WASHINGTON (Reuters) - U.S. exporters facing tight credit markets for overseas sales can plan with more certainty after President Barack Obama signed legislation on Wednesday to renew the U.S. Export-Import Bank’s charter one day before it expired, the bank’s president said.
“This just takes away a big cloud of doubt for a lot of American businesses,” Ex-Im Bank President Fred Hochberg said in an interview, adding that the bank’s board of directors will be considering “north of $6.5 billion” of financing deals on Wednesday and Thursday to support U.S. exports.
With the bank’s previous charter set to expire on Thursday, Hochberg joked that Obama’s signing of the bill passed by Congress this month with broad bipartisan support was a “just-in-time reauthorization” of the nearly 80-year-old government-run bank.
The legislation, which Obama said would help the United States meet his goal of doubling exports, extends the bank’s charter through September 2014 and gradually raises the bank’s lending cap to $140 billion over the next 16 months, from $100 billion currently, assuming default rates remain low.
“As long as our global competitors are providing financing for their exports, we’ve got to do the same. So I’m glad that Congress got this done,” Obama said before signing the bill.
The bank provided a record $32.7 billion in direct loans and other financing assistance in the 2011 budget year, as other sources of trade finance remained tight.
Republicans noted that Obama, while running for president in 2008, called the bank “little more than a fund for corporate welfare” that should be cut back rather than expanded.
“Goes to show you, it’s more rhetoric and less principle when Obama is on the stump,” Kirsten Kukowski, press secretary for the Republican National Committee, said in a note to reporters.
What is usually a routine effort to reauthorize the bank’s charter became politically charged this time around after many conservative Republicans questioned whether the government should be involved in helping financing exports.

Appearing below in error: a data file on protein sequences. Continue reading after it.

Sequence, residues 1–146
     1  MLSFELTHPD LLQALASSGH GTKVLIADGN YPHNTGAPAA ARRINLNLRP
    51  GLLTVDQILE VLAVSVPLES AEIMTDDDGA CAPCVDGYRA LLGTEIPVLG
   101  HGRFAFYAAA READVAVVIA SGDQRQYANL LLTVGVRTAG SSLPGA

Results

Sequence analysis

But the bank’s defenders said it would be folly for the United States to “unilaterally disarm” when other countries aggressively use government financing to boost exports.
“It’s not just China. It’s China, it’s Brazil, it’s Germany, Japan, Korea. Many have a very robust approach toward supporting their exports and part of that includes their export credit banks,” Hochberg said.
The U.S. Ex-Im Bank’s long list of clients include big U.S. companies such as Boeing Co(BA.N), Caterpillar Inc(CAT.N) and General Electric Co(GE.N), as well as thousands of small and medium-sized firms that rely on government loans or credit guarantees to make sales in markets where private financing is scarce.
The protracted debate over renewing the bank’s charter may have cost U.S. companies some sales as potential customers turned to other suppliers in a better position to arrange financing, but it is difficult to measure, Hochberg said.
At the same time, the bank has had to manage its loan portfolio to avoid breaching its lending cap.
Assuming all the deals before the board are approved on Wednesday and Thursday, the bank’s total portfolio would be “in the $99 billion range. So within $1 billion (of the current $100 billion cap). I don’t know how much closer I could have gotten,” Hochberg said with a laugh.
Ex-Im’s approval of a deal to help Boeing sell planes to Air India AIN.UL also threw a wrench into the congressional reauthorization process after Delta (DAL.N) complained it was unable, as a U.S. company, to get the same financing deals to buy aircraft that foreign competitors could.
Although European credit agencies help Airbus make sales, they stay clear of the U.S. market just as Ex-Im does not finance Boeing sales into the European Union.
Delta’s complaint led to language in the reauthorization bill requiring the United States to initiate negotiations with other major exporters aimed at eliminating government-subsidized financing of aircraft and other goods.
Hochberg said he expected the U.S. Treasury Department to make a good-faith effort to reach a deal, but personally has not seen much foreign appetite for the talks.
“That is generally not a view that I have seen shared by our counterparts around the world. They are, as we are, looking to create jobs and will do (that by) any means they can,” Hochberg said.
In addition, the fragile international banking system puts demands on “Ex-Im and other export credit agencies to be much more active than otherwise,” he said.
Still, it may be possible negotiate some additional curbs on the use of export credits, Hochberg said. The United States has traditionally favored a more restrained approach to government financing than other countries have, he said.
Editing by Mohammad Zargham and Eric Walsh